United States District Court, E.D. Michigan, Southern Division
OPINION AND ORDER DISMISSING WITHOUT PREJUDICE THE
PETITION FOR A WRIT OF HABEAS CORPUS, DENYING THE MOTION TO
HOLD THE PETITION IN ABEYANCE, AND DENYING A CERTIFICATE OF
H. CLELAND UNITED STATES DISTRICT JUDGE
prisoner Jamil Stefon Carter has filed a pro se petition for
a writ of habeas corpus pursuant to 28 U.S.C. § 2254
challenging his state criminal proceedings, as well as a
motion to hold the petition in abeyance. Petitioner pleaded
guilty to second-degree murder and possession of a firearm
during the commission of a felony, second offense, in the
Wayne County Circuit and was sentenced to consecutive terms
of 19 to 60 years imprisonment and five years imprisonment on
those convictions in 2015. In his petition, he raises claims
concerning his actual innocence, the conduct of the
prosecutor, and the effectiveness of trial and appellate
counsel. For the reasons set forth herein, the court
dismisses without prejudice the petition for a writ of habeas
corpus and denies the motion to hold the petition in
abeyance. The court also denies a certificate of
after the filing of a habeas petition, the court must
undertake a preliminary review of the petition to determine
whether “it plainly appears from the face of the
petition and any exhibits annexed to it that the petitioner
is not entitled to relief in the district court.” Rule
4, Rules Governing § 2254 Cases; 28 U.S.C. § 2243.
If, after preliminary consideration, the court determines
that the petitioner is not entitled to relief, the court must
summarily dismiss the petition. Id., Allen v.
Perini, 424 F.2d 134, 141 (6th Cir. 1970) (district
court has the duty to “screen out” petitions that
lack merit on their face). A dismissal under Rule 4 includes
those petitions which raise legally frivolous claims, as well
as those containing factual allegations that are palpably
incredible or false. Carson v. Burke, 178 F.3d 434,
436-37 (6th Cir. 1999).
prisoner filing a petition for a writ of habeas corpus under
28 U.S.C. §2254 must first exhaust all state remedies.
See O'Sullivan v. Boerckel, 526 U.S. 838, 845
(1999) (“state prisoners must give the state courts one
full fair opportunity to resolve any constitutional issues by
invoking one complete round of the State's established
appellate review process”); Rust v. Zent, 17
F.3d 155, 160 (6th Cir. 1994). A Michigan prisoner must raise
each issue he or she seeks to present in a federal habeas
proceeding to the state courts for review. The claims must be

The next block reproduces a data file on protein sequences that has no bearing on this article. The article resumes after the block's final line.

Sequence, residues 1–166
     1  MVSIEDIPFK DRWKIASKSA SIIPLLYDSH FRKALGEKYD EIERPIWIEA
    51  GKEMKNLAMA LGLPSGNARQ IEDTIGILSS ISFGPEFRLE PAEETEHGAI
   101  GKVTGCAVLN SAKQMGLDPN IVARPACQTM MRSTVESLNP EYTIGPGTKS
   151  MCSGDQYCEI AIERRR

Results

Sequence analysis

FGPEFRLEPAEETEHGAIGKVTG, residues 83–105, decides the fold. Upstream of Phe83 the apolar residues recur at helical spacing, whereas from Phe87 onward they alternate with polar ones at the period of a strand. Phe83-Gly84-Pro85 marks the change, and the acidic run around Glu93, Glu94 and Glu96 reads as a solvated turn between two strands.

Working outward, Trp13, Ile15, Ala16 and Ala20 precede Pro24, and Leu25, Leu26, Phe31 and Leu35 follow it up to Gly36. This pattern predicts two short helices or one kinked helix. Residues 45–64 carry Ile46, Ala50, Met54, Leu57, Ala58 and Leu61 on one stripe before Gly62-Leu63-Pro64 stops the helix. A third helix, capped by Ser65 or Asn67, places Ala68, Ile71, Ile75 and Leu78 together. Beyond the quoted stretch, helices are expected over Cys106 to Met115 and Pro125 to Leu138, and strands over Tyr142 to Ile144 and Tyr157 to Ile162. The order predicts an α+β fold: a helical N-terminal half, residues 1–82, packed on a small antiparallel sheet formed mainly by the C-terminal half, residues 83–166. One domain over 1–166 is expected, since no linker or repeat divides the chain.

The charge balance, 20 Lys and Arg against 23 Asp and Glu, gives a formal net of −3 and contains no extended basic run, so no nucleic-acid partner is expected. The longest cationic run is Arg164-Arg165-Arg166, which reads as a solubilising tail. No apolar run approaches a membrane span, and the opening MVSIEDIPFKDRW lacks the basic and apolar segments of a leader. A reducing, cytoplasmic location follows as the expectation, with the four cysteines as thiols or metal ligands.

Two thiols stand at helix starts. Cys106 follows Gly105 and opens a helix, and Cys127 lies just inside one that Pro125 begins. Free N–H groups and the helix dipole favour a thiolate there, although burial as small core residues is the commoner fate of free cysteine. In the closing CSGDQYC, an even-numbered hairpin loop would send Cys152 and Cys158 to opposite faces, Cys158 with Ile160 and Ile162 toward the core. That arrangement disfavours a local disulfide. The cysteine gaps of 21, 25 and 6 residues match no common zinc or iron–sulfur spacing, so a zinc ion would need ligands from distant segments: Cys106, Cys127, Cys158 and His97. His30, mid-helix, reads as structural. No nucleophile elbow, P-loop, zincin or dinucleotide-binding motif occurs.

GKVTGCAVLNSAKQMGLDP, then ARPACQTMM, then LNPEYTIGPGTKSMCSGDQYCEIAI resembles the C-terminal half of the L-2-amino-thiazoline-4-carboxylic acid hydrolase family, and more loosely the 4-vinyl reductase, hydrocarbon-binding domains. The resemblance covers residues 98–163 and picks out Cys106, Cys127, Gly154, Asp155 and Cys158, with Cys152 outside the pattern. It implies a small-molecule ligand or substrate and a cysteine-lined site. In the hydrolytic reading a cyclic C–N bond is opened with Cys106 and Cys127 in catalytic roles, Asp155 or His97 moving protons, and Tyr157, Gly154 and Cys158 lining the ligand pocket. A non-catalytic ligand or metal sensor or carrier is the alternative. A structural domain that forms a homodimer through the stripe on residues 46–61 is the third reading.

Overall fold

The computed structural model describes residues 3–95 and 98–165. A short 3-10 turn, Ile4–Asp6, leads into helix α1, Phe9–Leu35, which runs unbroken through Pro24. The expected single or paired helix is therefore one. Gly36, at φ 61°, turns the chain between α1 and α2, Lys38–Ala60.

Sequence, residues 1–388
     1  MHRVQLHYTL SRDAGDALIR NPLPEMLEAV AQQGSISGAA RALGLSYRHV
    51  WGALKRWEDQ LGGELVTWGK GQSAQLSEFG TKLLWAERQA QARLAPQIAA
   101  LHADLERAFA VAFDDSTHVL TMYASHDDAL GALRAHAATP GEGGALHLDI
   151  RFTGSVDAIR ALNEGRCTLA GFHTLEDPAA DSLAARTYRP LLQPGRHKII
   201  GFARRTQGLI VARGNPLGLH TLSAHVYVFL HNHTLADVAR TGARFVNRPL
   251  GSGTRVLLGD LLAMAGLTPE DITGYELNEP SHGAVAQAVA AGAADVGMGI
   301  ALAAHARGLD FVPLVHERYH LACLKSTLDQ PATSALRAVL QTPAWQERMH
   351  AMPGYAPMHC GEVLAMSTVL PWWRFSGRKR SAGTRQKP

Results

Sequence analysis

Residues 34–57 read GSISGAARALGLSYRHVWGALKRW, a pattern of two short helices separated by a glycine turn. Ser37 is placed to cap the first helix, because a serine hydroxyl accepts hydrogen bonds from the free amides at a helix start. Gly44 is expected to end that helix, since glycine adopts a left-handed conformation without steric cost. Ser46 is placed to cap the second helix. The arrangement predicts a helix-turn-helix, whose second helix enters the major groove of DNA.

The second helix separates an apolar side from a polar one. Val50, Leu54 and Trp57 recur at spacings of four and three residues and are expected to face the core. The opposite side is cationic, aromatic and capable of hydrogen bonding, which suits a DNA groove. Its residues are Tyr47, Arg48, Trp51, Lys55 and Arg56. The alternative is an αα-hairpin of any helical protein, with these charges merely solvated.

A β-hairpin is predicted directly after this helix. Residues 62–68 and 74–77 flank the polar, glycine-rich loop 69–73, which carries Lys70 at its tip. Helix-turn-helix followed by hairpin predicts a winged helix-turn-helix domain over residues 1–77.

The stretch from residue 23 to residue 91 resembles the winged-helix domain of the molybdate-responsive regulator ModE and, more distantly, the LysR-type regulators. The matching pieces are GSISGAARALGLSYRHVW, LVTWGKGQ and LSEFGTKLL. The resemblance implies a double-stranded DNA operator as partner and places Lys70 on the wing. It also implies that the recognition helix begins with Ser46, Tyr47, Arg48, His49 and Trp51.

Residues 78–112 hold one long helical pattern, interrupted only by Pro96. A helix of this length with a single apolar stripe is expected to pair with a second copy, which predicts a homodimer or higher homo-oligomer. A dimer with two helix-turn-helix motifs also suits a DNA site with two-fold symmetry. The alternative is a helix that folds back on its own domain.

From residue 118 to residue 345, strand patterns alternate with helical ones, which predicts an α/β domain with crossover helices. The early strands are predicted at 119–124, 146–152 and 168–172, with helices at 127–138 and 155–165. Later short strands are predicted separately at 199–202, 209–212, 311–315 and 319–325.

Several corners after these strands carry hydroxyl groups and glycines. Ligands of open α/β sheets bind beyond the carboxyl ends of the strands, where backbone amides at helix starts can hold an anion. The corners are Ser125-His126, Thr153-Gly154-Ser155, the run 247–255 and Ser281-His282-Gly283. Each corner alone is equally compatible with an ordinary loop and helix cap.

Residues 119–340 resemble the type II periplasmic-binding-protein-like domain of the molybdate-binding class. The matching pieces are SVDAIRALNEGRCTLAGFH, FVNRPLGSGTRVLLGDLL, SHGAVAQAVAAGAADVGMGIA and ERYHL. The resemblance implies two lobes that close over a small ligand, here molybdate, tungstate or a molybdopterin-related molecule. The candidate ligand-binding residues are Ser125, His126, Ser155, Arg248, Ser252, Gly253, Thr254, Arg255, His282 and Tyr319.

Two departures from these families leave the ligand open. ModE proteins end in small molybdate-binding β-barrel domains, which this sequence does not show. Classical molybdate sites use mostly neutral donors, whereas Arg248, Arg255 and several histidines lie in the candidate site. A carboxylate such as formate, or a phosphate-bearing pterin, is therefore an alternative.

“fairly presented” to the state courts, meaning
that the petitioner must have asserted both the factual and
legal bases for the claims in the state courts. McMeans
v. Brigano, 228 F.3d 674, 681 (6th Cir. 2000); see
also Williams v. Anderson, 460 F.3d 789, 806 (6th Cir.
2006) (citing McMeans). The claims must also be
raised in the state courts as federal constitutional issues.
Koontz v. Glossa, 731 F.2d 365, 368 (6th Cir. 1984).
Each issue must be presented to both the Michigan Court of
Appeals and the Michigan Supreme Court to satisfy the
exhaustion requirement. Hafley v. Sowders, 902 F.2d
480, 483 (6th Cir. 1990); Welch v. Burke, 49
F.Supp.2d 992, 998 (E.D. Mich. 1999). The burden is on the
petitioner to prove exhaustion. Rust, 17 F.3d at
case, Petitioner admits that he has not exhausted all of his
habeas claims in the state courts and that he has currently
has a motion for relief from judgment pending the Wayne
County Circuit Court concerning his habeas claims. Petitioner
must complete the state court process before seeking habeas
relief in federal court. Witzke v. Bell, No.
07-CV-15315, 2007 WL 4557674 (E.D. Mich. Dec. 20, 2007);
Harris v. Prelisnik, No. 06-CV-15472, 2006 WL
3759945 (E.D. Mich. Dec. 20, 2006). Federal habeas law
provides that a habeas petitioner is only entitled to relief
if he can show that the state court adjudication of his
claims resulted in a decision that was contrary to, or
involved an unreasonable application of, clearly established
federal law as determined by the Supreme Court of the United
States. 28 U.S.C. § 2254(d). The state courts must first
be given a fair opportunity to rule upon all of
Petitioner's claims before he can present them in federal
court. Otherwise, the court cannot apply the standard found
at 28 U.S.C. § 2254.
Petitioner's pending state court proceeding may result in
the reversal of his convictions on another ground, thereby
mooting the federal questions presented. See Humphrey v.
Scutt, No. 08-CV-14605, 2008 WL 4858091, *1 (E.D. Mich.
Nov. 5, 2008) (citing Sherwood v. Tomkins, 716 F.2d
632, 634 (9th Cir.1983), and Woods v. Gilmore, 26